March 2013

 

Doctrine divides, Action unites

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Ripples for Peace in Northern Ireland

Rachel Dyne


In February 2013, I had the pleasure of taking a group of young people from England to Northern Ireland to see the work that YMCA Ireland is doing for peace and reconciliation with young people affected by the Troubles.

The conflict in Northern Ireland has been going on since the 1970s and is a conflict on many different levels—political, religious and in different communities. The worst of it is now over thanks to the peace process at a political level, but there are still violent clashes between the two groups of people, and there had been a couple of peaceful protests that had turned violent leading up to our trip.

During our visit, we learned that the YMCA is delivering many programs with young people to address the ongoing conflict between the Protestant and Catholic communities in Northern Ireland. We were privileged to meet young people that had been transformed through these programs. One program—Reconciliation and Peace Peers, or RAPP—is about young people, often from some of the areas affected most by the Troubles, who are engaging and communicating with each other to overcome some of the prejudices in their community. One young person that had been part of this program said that she had come to realize how similar her newfound friends were to her after a lifetime of thinking that they were “evil” and “hateful people.” These thoughts have become part of everyday life in Northern Ireland, especially Belfast, and these perceptions are what the YMCA is trying to change.

Another program, Friends 4 Life, takes young people from both communities in Northern Ireland to America to help communities there. Through this process, the young people engage with each other to bring about change in the community they are working in and transform themselves and their views of “the other.” One young person said she had learned not to prejudge other people based on their religious background.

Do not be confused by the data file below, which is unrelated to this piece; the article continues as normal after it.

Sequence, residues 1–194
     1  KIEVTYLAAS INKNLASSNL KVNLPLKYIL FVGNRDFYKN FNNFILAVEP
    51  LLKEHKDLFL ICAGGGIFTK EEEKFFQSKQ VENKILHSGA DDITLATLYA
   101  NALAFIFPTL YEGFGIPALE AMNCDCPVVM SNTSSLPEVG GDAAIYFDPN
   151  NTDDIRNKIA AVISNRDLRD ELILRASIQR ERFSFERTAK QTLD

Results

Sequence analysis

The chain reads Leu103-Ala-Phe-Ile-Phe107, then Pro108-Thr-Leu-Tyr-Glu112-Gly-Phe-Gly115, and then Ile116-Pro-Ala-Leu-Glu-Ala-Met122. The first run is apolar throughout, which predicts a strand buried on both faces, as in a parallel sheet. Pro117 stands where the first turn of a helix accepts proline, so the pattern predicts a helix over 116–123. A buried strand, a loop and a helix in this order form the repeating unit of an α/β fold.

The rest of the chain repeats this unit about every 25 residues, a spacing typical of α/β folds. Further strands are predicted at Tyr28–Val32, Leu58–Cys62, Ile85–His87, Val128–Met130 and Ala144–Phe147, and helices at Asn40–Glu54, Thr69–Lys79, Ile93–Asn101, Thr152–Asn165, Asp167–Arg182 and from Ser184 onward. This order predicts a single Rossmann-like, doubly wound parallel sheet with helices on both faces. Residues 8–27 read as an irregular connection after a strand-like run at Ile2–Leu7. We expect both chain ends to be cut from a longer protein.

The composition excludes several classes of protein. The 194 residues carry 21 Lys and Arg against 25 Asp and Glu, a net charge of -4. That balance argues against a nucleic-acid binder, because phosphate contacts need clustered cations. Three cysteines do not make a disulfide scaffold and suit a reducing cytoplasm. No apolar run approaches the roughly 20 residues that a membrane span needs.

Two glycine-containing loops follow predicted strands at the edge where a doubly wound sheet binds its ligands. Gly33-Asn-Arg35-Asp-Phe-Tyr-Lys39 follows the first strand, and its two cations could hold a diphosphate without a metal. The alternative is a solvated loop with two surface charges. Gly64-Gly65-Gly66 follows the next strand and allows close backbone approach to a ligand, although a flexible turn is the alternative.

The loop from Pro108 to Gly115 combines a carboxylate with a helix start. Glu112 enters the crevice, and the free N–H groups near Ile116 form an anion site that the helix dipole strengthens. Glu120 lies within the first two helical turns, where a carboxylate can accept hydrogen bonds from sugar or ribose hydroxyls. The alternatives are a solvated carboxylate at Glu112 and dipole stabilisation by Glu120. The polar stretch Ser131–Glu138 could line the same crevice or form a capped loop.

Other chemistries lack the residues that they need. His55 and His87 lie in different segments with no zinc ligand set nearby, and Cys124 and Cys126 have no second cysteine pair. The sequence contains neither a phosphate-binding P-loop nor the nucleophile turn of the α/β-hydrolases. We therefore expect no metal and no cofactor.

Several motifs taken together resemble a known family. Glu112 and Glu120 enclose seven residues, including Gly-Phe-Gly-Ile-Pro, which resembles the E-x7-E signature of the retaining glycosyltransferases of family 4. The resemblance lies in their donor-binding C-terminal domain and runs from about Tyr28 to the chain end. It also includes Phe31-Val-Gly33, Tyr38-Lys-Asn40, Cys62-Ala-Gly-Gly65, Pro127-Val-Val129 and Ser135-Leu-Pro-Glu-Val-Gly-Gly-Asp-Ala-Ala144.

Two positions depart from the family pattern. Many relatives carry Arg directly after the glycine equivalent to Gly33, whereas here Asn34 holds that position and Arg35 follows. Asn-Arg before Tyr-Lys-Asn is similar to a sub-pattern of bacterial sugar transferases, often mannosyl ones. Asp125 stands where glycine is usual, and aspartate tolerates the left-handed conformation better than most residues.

The visit to Northern Ireland was an incredible trip with a lot gained from it. I have been carrying around a lot of questions since coming back from the School of Peace (SOP) about a country which is part of my family. Since returning from the trip, I have had many of these questions answered: there is work being done to move the country toward peace. Northern Ireland has a future, and it has a chance at peace for all. I believe these are small drops in a large pond, but eventually, these small drops will send ripples out throughout the country.


* Rachel Dyne is a staff member of a local YMCA in England and is a volunteer with the national office, YMCA England. In 2012, she took part in SOP held by Interfaith Cooperation Forum (ICF) in Bangalore, India, after attending a mini-SOP for two weeks in July 2011 in Dhaka, Bangladesh. She has a special interest in issues and incidents in Northern Ireland as her mother is from the country, and her uncle, a policeman in Northern Ireland, was killed by the Irish Republican Army (IRA) in 1988 with a parachute bomb that struck his patrol car.